Disclaimer: I don't own God, the devil, angels, the Bible, etc. If I did, I would be too rich to bother writing about them.

The Dark Night

Father Michael turned off the prayer candles for the night and the church's vestibule was suddenly dark and still. He had his scarf knotted around his throat and one arm in his coat sleeve when the door opened. He turned.

A man stood there silhouetted against the glare of a passing headlight, his bare head dusted with snow. Father Michael shivered, looking at him. He wore a black suit and nothing else, no protection from the cold, and his face was in shadow.

"Can I help you?" He cleared his throat. "Please come in, you must be freezing."

"Thank you, Father," the man said softly. He stepped forward into the light. Stood behind the last pew, his hand resting on its straight back, watching the snow beat silently against the stained glass above the altar.

Father Michael loosened his scarf with one hand and tossed his coat over a pew. The man's eyes snapped onto him, and a slight smile tugged at the corners of thin, sardonic lips.

"I wondered, Father," he said, "if it's too late for me to make confession."

Father Michael smiled. "I'm supposed to say it's never too late. Conveniently enough, I believe it." He made to move toward the dim cage of the confessional, but then heard the man chuckle and looked back. The man was sitting in the pew now, one arm thrown lazily over its wooden spine.

"I also wondered if we might do it here. In the light, so to speak."

Father Michael paused. Then: "Sure," he said. He took a step closer, looked into the man's face; he gazed back steadily. "It wasn't easy for you to come here, was it, ah...?" The priest waited for a name. Nothing came but a smile.

"You're mistaken there, Father. It was the easiest thing I've done in a long time." He lowered his arm. Father Michael sat down beside him; he moved to give him room. Their breath plumed together in the cold air. The priest made the sign of the cross and looked at the man. Waited.

"I'm supposed to say 'Bless me, Father, for I have sinned,' isn't that right?" He crossed his ankles and leaned back in the pew, looking up into the shadows of the high vaulted ceiling. "And I have sinned. Terribly."

Father Michael nodded. "How long has it been since your last confession?"

The man looked at him. Laughed softly. "Forever."

Silence. Then:

"You're not a Catholic, are you?"

"No," the man said. "Shall I go?"

"No," the priest said. "You came into this church tonight for a reason."

"Well, I wasn't wearing a coat, and it's cold, as I believe you pointed out--"

"You probably get away with bullshit, flip lines like that all the time." The man's eyes narrowed for an instant, met the priest's. They locked gazes. "I don't think I want to let you. I think it's important that you do what you came here to do."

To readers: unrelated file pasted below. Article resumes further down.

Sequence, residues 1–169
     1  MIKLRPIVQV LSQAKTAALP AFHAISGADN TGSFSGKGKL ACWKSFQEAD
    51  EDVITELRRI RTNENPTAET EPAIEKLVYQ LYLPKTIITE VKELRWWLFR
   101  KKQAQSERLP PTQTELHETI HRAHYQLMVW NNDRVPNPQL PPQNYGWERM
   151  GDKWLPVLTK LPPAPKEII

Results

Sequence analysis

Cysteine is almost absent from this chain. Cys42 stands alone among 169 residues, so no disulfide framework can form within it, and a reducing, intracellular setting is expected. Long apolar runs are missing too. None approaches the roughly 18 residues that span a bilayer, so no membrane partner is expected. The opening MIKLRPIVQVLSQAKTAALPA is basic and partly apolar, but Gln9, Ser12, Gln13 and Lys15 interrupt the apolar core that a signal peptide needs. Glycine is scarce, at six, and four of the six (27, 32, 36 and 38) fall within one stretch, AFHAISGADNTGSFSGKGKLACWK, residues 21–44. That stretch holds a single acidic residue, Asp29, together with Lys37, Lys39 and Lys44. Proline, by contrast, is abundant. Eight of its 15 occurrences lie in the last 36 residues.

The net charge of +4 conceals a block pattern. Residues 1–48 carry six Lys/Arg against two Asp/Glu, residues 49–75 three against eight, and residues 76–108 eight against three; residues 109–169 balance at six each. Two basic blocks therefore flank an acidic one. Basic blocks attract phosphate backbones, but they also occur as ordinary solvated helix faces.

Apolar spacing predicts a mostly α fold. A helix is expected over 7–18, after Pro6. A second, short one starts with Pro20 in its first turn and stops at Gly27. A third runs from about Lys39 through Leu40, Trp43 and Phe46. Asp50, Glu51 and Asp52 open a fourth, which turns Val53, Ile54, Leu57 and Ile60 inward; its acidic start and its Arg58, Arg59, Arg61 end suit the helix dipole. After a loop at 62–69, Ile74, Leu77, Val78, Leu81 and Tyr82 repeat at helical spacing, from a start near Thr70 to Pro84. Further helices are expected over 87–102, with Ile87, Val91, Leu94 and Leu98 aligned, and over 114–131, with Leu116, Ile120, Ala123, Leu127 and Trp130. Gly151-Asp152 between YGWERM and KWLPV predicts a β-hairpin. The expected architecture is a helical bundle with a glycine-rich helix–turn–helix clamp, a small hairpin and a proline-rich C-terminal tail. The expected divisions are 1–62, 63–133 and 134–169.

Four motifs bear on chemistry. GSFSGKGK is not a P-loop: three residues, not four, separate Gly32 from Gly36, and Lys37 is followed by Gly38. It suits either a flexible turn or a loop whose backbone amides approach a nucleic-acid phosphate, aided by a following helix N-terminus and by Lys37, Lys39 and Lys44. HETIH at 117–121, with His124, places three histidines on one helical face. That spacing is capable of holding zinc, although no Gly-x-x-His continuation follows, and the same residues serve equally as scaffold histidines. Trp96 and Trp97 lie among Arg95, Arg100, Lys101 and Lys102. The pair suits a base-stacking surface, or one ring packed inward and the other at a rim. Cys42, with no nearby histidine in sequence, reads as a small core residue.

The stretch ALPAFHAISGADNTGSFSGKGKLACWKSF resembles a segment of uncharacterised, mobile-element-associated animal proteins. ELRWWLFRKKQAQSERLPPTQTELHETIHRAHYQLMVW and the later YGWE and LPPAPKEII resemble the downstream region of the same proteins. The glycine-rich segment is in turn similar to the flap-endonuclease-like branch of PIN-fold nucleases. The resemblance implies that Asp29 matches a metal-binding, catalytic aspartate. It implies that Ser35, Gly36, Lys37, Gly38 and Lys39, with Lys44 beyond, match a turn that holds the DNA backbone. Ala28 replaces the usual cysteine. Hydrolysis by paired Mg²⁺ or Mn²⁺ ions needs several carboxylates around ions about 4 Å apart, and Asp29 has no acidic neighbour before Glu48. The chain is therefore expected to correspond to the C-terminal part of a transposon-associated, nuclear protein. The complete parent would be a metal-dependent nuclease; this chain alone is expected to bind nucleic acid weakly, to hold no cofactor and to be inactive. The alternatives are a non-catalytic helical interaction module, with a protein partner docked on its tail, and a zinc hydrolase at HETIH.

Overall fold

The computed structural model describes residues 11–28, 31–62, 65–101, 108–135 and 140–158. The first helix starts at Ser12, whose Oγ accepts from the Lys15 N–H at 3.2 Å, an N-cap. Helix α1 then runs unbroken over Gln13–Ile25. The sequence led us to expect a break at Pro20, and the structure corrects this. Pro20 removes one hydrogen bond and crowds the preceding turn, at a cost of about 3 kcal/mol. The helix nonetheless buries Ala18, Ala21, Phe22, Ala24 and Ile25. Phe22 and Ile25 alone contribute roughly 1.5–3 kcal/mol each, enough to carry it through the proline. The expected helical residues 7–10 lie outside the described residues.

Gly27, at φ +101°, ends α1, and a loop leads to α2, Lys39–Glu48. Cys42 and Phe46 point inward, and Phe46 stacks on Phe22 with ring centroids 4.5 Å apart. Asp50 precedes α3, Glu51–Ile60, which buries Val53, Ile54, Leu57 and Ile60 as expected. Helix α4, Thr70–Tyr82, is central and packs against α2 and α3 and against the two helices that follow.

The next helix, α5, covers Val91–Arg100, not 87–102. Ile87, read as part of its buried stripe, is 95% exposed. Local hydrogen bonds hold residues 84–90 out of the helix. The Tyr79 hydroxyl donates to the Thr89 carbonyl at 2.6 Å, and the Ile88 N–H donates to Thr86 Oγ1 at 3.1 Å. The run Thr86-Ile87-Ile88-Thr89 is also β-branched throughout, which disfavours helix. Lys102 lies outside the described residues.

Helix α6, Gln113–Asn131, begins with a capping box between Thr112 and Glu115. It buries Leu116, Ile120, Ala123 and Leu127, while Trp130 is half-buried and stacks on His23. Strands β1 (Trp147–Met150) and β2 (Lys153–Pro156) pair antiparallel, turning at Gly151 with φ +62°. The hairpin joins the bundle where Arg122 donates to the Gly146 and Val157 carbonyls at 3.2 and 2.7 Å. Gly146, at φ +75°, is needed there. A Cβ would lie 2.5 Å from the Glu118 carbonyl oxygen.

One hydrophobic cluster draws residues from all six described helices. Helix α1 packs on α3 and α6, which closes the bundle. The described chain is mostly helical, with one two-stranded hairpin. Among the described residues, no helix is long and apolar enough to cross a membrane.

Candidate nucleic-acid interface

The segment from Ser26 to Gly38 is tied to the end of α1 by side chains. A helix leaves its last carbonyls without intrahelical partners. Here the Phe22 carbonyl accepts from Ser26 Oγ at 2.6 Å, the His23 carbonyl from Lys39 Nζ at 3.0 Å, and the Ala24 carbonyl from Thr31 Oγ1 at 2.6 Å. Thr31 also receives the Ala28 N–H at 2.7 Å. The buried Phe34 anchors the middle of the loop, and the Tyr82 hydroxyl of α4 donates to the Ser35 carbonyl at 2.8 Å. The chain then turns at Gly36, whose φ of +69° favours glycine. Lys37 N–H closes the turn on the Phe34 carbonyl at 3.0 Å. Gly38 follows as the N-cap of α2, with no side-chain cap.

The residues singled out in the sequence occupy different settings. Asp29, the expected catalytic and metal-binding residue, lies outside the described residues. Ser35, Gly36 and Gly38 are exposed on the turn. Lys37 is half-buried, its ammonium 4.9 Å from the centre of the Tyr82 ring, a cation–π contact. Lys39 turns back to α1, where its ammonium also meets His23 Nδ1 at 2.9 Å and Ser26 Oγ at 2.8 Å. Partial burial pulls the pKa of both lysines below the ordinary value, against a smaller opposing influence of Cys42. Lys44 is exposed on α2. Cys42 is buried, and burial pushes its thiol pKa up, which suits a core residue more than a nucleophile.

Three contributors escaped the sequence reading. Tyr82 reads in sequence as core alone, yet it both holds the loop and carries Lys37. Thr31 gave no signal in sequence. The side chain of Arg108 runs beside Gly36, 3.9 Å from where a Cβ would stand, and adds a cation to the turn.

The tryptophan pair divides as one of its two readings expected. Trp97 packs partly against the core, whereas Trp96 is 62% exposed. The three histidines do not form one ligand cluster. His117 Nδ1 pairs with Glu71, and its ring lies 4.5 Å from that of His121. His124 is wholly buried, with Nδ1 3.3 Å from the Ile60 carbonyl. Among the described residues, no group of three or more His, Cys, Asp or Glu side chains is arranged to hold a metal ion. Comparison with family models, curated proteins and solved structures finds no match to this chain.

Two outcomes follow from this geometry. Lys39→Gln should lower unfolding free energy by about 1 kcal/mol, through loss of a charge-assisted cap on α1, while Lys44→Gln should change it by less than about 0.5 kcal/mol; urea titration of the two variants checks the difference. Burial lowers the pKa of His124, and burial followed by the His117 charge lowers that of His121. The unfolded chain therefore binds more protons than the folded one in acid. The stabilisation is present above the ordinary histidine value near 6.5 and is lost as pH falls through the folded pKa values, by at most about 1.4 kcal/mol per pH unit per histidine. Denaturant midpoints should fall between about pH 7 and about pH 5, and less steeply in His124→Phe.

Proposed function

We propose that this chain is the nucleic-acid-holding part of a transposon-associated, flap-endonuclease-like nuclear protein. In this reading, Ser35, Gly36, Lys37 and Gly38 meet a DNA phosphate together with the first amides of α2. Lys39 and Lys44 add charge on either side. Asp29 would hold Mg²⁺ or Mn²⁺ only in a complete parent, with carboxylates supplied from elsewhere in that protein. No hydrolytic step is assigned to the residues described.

"Tell me then, please, Father, what it is I came here to do."

"Confess your sins."

"It's always baffled me," the man said. "Why should confessing them make them any less sinful?"

"It doesn't." Father Michael leaned forward. "That's the whole point. Or it's half the point. The other half is that God loves and forgives you, as long as you accept it."

The man looked away. "I very much doubt that, Father. Although how wonderful it would be if it were true."

"It is true," the priest said. "You wouldn't be here if you didn't believe it on some level."

The man grinned. "Lord, I do not believe; help thou my belief." He adjusted the cuff of his black suit, eyes never moving from the snowy window. "I've spent my life fighting the impulse that drove me here tonight," he said quietly. "But I'm here. That's my sin, Father." Father Michael started. "That I betray what I know for what I wish--even if I'm alone--even if no one but you sees it--I see it. God--" he smirked slightly-- "sees it."

"Do you believe in God?" the priest asked.

"Do I believe in God..." The man smiled, folded his arms. "That's a very complicated question, and if I answer it honestly you'll think I'm insane."

"I see a lot of crazy people. You don't strike me as one of them."

"Give me a minute." The man paused. "You're sure? Believe me when I tell you--this isn't a good idea. I'm using you in the worst possible sense. Well--perhaps not the worst possible; this is the Catholic Church, after all."

Father Michael's lips tightened, but he said, "I'll give you the benefit of the doubt."

"Coming from someone of your profession, that's quite something. Thank you."

The priest nodded. Shivered. The man noticed. He slipped his jacket off and offered it.

"No--no, I'm fine--my coat's over there--you must be--"

The man sighed. "I'm not cold. I promise you. Please take it."


"As a thank-you gesture for tolerating me at this late hour. I insist."

Father Michael took the warm jacket and wrapped it around his shoulders, rubbing them. "Thanks."

The man leaned forward and took the Bible from the back of the next pew. He opened it idly, began leafing through it with fluid, deft motions of slim fingers. Father Michael watched those fingers, didn't look up even when the man said,

"I'll answer your question with a question, Father. Do you believe in the Devil?"